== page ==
The flowers in Madeira reminded me of my mother’s garden in South Africa. She loved gardening and the plants grew well for her – they really had no choice as she urged and cajoled them into growth. Indeed, they hardly dared not flourish! These were happy memories, but then, as I walked round the Museum of Sacred Art her last day flashed into my mind, unexpected and unwanted, and I felt that awful overwhelming sadness again. I wanted to see her, and talk to her. But somehow, at moments like this when I cry out, silently of course, she is with me; somehow she knows and somehow she is there.
The mist is low this morning; a heavy, cold, dampness that wants to sink into my bones. It is silent, with only the occasional brave bird somewhere out in the greyness.
This time last year I was getting ready to return to South Africa; now it is five and a half months since my mother died. I need to talk to her this morning. And I long to be with my friend BER. I am suddenly overcome with fear that I will never see him again in this life – one day there will be a phonecall, or worse still an email telling me he has gone, and I will only have the sound of his voice in my head.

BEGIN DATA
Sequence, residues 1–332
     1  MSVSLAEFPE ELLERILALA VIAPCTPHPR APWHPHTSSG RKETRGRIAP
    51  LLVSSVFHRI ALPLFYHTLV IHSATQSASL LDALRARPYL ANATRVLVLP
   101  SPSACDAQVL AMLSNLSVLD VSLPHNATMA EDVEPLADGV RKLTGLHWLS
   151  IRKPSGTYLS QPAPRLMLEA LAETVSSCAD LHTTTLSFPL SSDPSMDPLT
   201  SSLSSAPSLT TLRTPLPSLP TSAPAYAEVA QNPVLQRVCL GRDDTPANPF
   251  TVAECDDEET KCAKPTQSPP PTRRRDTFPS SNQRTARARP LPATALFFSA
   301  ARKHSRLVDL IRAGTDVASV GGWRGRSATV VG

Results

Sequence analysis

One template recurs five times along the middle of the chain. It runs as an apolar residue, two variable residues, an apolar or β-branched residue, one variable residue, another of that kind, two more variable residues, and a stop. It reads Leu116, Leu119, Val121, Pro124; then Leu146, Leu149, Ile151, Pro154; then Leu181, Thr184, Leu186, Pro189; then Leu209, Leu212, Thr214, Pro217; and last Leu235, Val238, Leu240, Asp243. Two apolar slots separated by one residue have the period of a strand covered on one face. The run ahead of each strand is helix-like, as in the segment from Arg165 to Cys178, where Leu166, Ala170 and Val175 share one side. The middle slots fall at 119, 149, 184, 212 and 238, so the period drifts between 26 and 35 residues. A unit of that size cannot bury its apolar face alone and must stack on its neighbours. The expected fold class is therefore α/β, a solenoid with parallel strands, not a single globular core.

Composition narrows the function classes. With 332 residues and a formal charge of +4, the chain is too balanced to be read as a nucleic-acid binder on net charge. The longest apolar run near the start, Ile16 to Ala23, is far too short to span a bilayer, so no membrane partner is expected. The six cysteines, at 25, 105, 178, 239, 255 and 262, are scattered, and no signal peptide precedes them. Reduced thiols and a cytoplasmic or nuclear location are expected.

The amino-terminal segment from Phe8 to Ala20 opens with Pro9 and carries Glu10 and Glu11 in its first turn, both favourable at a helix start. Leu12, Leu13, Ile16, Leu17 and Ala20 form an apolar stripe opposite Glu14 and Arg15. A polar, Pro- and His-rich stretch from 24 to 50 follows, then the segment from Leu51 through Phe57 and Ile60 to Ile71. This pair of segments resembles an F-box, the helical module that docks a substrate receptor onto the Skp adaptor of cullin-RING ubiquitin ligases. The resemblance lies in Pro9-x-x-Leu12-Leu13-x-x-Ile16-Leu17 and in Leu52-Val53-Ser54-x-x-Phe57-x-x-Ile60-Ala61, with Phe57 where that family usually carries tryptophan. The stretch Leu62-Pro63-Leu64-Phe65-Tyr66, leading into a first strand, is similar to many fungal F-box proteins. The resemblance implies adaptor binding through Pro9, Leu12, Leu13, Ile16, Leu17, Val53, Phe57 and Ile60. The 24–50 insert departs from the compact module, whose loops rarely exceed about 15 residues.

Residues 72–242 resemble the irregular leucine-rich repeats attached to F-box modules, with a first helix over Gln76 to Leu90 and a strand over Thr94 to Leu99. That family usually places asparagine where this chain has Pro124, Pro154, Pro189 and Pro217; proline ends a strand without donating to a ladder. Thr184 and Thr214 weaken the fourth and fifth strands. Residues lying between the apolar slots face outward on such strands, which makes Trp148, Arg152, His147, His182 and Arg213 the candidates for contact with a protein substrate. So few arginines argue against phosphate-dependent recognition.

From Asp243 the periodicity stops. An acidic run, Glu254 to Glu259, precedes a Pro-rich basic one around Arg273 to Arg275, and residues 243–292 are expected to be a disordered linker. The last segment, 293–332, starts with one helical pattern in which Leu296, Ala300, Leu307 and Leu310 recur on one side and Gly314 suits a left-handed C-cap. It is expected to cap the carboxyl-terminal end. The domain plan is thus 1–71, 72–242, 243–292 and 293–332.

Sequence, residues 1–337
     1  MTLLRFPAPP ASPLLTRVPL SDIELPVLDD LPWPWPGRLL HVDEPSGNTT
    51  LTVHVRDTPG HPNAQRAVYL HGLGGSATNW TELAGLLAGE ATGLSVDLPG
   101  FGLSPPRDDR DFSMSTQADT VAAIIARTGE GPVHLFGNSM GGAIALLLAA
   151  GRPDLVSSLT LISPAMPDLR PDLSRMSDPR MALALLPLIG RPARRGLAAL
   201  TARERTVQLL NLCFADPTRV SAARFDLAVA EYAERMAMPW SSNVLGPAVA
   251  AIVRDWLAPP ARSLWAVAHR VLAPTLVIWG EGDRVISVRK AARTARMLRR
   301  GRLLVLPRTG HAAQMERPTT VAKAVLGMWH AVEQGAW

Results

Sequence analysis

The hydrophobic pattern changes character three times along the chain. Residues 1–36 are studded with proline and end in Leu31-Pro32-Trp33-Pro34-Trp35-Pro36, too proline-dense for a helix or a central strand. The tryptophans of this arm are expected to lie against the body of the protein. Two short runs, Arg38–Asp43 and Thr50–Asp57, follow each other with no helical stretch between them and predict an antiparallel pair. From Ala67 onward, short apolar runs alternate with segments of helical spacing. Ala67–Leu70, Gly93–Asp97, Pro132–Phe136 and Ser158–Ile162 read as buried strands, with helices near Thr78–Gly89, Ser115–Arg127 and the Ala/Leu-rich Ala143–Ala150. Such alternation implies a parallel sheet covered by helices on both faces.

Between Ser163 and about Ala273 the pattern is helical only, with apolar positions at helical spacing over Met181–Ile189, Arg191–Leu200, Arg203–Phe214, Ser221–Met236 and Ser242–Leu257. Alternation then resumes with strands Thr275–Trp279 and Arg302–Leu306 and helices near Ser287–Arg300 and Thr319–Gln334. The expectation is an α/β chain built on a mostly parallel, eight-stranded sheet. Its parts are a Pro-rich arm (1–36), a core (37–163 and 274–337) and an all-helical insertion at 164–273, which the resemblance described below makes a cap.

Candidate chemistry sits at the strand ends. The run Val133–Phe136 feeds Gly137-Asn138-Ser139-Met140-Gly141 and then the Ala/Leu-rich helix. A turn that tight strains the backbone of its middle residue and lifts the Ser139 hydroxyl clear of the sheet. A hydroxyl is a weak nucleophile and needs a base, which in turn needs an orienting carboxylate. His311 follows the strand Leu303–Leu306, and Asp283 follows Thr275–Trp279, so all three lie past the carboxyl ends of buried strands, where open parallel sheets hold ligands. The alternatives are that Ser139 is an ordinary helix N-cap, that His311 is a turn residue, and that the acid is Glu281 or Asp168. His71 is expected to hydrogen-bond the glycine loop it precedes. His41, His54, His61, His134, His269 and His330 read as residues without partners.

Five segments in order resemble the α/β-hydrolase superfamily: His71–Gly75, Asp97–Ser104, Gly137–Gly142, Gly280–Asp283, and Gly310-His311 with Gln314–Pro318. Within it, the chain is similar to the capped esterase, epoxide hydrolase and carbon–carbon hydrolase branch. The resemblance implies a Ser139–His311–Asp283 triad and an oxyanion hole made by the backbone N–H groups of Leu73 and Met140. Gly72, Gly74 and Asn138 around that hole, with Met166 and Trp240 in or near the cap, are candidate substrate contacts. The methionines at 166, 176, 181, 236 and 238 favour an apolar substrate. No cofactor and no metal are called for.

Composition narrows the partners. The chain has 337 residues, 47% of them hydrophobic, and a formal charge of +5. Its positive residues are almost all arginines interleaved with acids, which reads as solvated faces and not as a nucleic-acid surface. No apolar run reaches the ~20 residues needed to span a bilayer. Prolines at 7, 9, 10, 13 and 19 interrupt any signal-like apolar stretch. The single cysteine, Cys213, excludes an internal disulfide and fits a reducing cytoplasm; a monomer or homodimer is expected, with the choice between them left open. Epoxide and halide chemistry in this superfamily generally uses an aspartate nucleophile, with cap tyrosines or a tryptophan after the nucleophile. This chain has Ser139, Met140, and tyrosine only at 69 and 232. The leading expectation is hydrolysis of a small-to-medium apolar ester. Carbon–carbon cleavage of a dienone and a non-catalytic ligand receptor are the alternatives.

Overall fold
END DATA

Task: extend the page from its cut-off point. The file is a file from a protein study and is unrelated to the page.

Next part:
Being alone in the garden brings a kind of peace, but my feelings about my mother are still very fragile. They seem to take two forms: there is an almost ‘spiritual’ or ghostly aspect when I feel she is with me but in a disembodied way. I can hear her and I feel she loves me, and is with me – I am not alone, I am not deserted or rejected. It is almost like being wrapped in something warm and soft, and protective. And then there are times when I relive that last week of her life, and it is deeply distressing all over again. And now the few pieces of furniture, china and pictures from South Africa which surround me in London remind me of her physical presence, which has gone. And then I miss her. She cherished her orchids.